What is Obsidian Apocalypse? Well, first of all, it's the heir of Obsidian Twilight - a campaign-setting that gloriously failed just about all my expectations. Still, LPJr Design improved so vastly that I joined, with a somewhat hopeful anticipation, the Kickstarter to make Obsidian Apocalypse, the sequel. Kind of. For, while there is a default setting kind of assumed, Obsidian Apocalypse now is less of a campaign setting, but rather an extremely versatile toolbox for to scavenge from. So after the first introduction to the cataclysmic world of Abaddon, we're introduced to the base-races - minus half-elves/half-orcs, for the world was not kind on these beings. Each of the core-races gets their own apocalyptic vista of what has happened to them - from the forlorn/mushroom-infected elves to the cannibalistic halflings, the takes on the races are disturbing and evocative at the same time. Beyond that, each of the races gets 3 alternate racial qualities - want to for example play shaven, mad dwarves, akin to Warhammer's Slayers? Yep. Damn cool.



Of course, we also get an array of new races. While I could go into the details regarding each race, I'll instead try to give you a short run-down. Another note before I start - the races herein you may remember from the previous installments, yes. They are nothing like their previous iterations - they actually by now are mostly rather well-balanced, on par with the stronger PC-races...without using their fluff. How is that accomplished? Well, where before, these races had a slew of special abilities, they retain these, but have to choose them as alternate racial traits. Take the Exalted, essentially the aasimar of the setting, the descendant of legendary half-burned angel Zebadiah, the last angel of Abaddon. Want a blade of deadly light? Angelic Wings? Well, you can now exchange these for the divine spell-like abilities of the race. Where before, they were stronger than even the aasimar, they now are a powerful, but balanced option. Another general improvement that hold true for all races, would be that they're less geared towards a specific class than before, often allowing for a more free assignment of ability score-modifiers. Where there are spawn of the upper planes, there also ought to be those of the lower, and yes, the Infernals are essentially the take on the Tieflings herein. Where in the previous iteration, they were a bit too strong for my tastes and while that kind of still is true by a margin (and this one's crunch sports a couple of minor typo-level/bolding glitches - more than in others), the new take on the infernal is vastly improved.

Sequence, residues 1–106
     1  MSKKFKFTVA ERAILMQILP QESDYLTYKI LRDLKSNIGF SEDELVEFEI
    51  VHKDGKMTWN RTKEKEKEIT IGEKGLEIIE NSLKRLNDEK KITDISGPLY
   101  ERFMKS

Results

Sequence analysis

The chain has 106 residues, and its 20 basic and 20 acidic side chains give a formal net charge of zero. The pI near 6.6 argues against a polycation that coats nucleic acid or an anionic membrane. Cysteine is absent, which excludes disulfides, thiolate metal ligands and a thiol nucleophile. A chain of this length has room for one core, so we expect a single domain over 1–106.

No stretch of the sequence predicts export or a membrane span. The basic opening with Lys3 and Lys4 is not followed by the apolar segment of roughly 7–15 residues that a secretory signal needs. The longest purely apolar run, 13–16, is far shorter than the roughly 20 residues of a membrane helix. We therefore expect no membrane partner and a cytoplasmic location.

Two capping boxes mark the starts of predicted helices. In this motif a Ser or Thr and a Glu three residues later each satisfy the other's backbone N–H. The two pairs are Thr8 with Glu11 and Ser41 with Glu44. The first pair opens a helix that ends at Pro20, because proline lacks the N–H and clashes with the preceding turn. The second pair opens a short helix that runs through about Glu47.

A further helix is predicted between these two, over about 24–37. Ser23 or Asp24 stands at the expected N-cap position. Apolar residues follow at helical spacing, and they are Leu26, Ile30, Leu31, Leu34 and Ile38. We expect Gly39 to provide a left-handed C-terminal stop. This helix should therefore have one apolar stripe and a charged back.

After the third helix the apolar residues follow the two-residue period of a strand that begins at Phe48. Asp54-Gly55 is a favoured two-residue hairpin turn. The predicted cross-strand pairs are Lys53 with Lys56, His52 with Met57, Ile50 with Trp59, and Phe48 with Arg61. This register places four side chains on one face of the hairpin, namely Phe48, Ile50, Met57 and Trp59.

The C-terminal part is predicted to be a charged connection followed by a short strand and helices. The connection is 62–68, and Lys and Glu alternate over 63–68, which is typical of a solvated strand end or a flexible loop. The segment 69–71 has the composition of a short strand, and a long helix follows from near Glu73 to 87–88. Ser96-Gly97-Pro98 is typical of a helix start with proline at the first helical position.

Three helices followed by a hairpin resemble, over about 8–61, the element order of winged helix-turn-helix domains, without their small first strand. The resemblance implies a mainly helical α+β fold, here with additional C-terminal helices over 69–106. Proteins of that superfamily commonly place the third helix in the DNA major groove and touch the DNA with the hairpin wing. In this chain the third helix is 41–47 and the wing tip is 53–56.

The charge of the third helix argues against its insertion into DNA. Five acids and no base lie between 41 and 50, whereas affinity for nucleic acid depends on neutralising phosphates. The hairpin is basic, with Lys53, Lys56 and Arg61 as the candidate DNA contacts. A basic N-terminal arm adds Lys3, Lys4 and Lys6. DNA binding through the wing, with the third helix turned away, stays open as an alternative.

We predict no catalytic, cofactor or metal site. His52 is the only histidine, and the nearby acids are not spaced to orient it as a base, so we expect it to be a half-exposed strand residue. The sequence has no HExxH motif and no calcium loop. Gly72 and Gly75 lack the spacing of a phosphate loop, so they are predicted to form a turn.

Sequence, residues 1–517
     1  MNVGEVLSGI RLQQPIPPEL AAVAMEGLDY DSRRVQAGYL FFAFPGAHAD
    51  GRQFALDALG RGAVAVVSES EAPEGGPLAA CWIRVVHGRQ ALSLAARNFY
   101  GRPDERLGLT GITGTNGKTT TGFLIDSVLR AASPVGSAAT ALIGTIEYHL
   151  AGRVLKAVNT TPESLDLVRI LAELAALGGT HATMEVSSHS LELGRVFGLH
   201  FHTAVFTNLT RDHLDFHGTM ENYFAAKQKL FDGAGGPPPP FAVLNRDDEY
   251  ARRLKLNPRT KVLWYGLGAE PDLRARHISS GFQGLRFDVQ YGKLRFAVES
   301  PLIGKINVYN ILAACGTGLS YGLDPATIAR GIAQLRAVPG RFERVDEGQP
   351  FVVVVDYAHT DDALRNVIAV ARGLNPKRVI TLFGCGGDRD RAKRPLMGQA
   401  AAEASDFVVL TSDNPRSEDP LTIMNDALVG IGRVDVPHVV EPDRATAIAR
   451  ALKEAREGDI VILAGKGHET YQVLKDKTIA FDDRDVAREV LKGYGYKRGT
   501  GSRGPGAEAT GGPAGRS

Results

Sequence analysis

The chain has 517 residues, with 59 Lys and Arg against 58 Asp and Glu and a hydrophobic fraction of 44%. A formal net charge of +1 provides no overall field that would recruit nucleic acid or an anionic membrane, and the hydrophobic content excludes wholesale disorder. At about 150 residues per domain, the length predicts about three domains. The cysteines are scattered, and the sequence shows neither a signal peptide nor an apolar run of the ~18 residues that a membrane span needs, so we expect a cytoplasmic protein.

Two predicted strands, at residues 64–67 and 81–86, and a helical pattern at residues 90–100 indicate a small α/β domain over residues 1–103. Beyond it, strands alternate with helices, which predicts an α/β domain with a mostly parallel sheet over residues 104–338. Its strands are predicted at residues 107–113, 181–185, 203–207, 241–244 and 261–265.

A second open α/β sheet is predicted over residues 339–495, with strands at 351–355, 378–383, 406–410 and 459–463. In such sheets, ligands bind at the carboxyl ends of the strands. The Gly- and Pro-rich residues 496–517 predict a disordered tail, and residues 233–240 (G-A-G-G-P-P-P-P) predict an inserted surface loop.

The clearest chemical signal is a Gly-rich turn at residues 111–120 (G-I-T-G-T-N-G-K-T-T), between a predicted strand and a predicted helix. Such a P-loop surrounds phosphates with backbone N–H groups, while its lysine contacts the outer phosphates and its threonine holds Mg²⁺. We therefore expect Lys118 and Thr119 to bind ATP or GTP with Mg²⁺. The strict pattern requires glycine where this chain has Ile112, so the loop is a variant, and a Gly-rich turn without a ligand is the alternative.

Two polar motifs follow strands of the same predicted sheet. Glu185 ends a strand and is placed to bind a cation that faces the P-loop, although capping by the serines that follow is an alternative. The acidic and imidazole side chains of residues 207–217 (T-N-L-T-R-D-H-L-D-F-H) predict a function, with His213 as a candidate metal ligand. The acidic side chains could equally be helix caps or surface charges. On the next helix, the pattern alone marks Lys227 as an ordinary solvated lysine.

One of the more iconic races herein would be the Genesai - offspring of angels and demons, these unnatural beings once were somewhat of a Mary Sue-race; Now in this iteration, their powers have been more streamlined, their relative strength cut down to a level where they make for a more valid option. More importantly, their shattersoul blade, a blade made from the dichotomies of their very being, got a more varied mechanic that makes more sense - the scaling is also different from the one of the celestial. Now the Lykians, werewolf-like humanoids still are a tad bit too strong for my tastes: Claws, a diseased bite, +4 to Dex, increased miss chances in dim illumination etc. - even with a weakness to silver, this is a tad bit too much for my tastes. Another gripe - personally, I'm never a friend of +4 attribute modifiers like this one and the one of the harrowed, the spawn of the living and undead. Why am I not complaining about these semi-undead? Simple - they aren't healed by positive energy, but by negative energy, making them much more fragile in your avergae adventuring group. For a race geared towards melee with str+4, that's enough balancing for me - also due to not getting full-blown undead immunities.